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Robertson v. Lee

United States District Court, D. Kansas

July 8, 2019

JOSHUA JAMES ROBERTSON, Plaintiff,
v.
KESHIA LEE, et al., Defendants.

          MEMORANDUM AND ORDER

          SAM A. CROW U.S. SENIOR DISTRICT JUDGE.

         This matter is a civil rights action filed under 42 U.S.C. § 1983 by a prisoner in state custody. Defendants filed a motion to dismiss, or, in the alternative, for summary judgment, and plaintiff has filed a response. For the reasons that follow, the Court grants the motion for summary judgment.

         Background

         On or about October 26, 2017, officers in the mailroom of the Lansing Correctional Facility (LCF) rejected a letter sent to plaintiff by his mother and marked “Legal Mail.” The return address on the envelope read:

Mother of Joshua James Robertson (John 15:13) Inmate #76205 In Care of [residential address of sender]

         Shortly afterwards, the LCF mailroom received approximately 17 more envelopes from plaintiff's mother marked as legal mail and identifying her as the sender. Each of the envelopes contained copied materials from a book. Defendants Lee, a staff member in the mailroom, and Winkelbauer, the deputy warden, reviewed these materials and determined the multiple mailings were intended to avoid the requirement under Kansas law that books mailed to prisoners be sent from a publisher or vendor.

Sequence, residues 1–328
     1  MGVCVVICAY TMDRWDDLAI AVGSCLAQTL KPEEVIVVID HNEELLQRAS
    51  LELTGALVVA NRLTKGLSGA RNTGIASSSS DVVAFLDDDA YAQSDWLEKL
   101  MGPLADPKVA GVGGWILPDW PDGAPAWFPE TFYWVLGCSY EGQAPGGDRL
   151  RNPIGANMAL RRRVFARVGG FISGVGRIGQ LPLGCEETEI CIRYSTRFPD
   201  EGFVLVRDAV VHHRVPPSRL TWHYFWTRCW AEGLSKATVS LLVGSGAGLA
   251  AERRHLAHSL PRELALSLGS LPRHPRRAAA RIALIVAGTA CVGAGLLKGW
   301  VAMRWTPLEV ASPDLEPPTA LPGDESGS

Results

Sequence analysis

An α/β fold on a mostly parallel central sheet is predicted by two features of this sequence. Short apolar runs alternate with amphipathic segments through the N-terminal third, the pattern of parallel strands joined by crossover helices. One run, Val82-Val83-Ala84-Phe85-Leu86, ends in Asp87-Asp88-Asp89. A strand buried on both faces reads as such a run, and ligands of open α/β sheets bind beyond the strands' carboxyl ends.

The first envelope was returned to the sender marked “Return to Sender” with the stamped notation, “Books, Calendars, Newspapers and Magazines must come from the Publisher or Vendor.”

         Although LCF officials failed to issue a notice of censorship to plaintiff concerning the first letter from his mother, he learned of the rejection from her and filed a grievance. The first response to the grievance stated that the letter “contained copies of a book. The materials were reviewed and determined that they needed to be returned to the sender. Additionally, the envelope weighed more than 1 ounce.”

         Plaintiff appealed to the warden, whose response affirmed the rejection, stated that the envelope explained the reason for the rejection, and added, “Several other 9” x 12” envelopes were also rejected for excess weight and copied book pages.”

         Plaintiff then appealed to the Secretary, who found that, although the institution erred in failing to issue a notice of censorship, plaintiff had challenged the censorship through the grievance procedure. The response upheld the rejection.

         Plaintiff did not file grievances concerning the remaining envelopes.

         Finally, plaintiff presents a claim that defendants substantially burdened his religious exercise by depriving him of the December 2017 and January 2018 issues of Sapphires, a daily devotional published by Hope of the World, a Messianic Jewish Ministry.

         Discussion

         Motions pending before the court

         The Court first addresses the pending non-dispositive motions.

         Plaintiff's motion for court order (Doc. 28)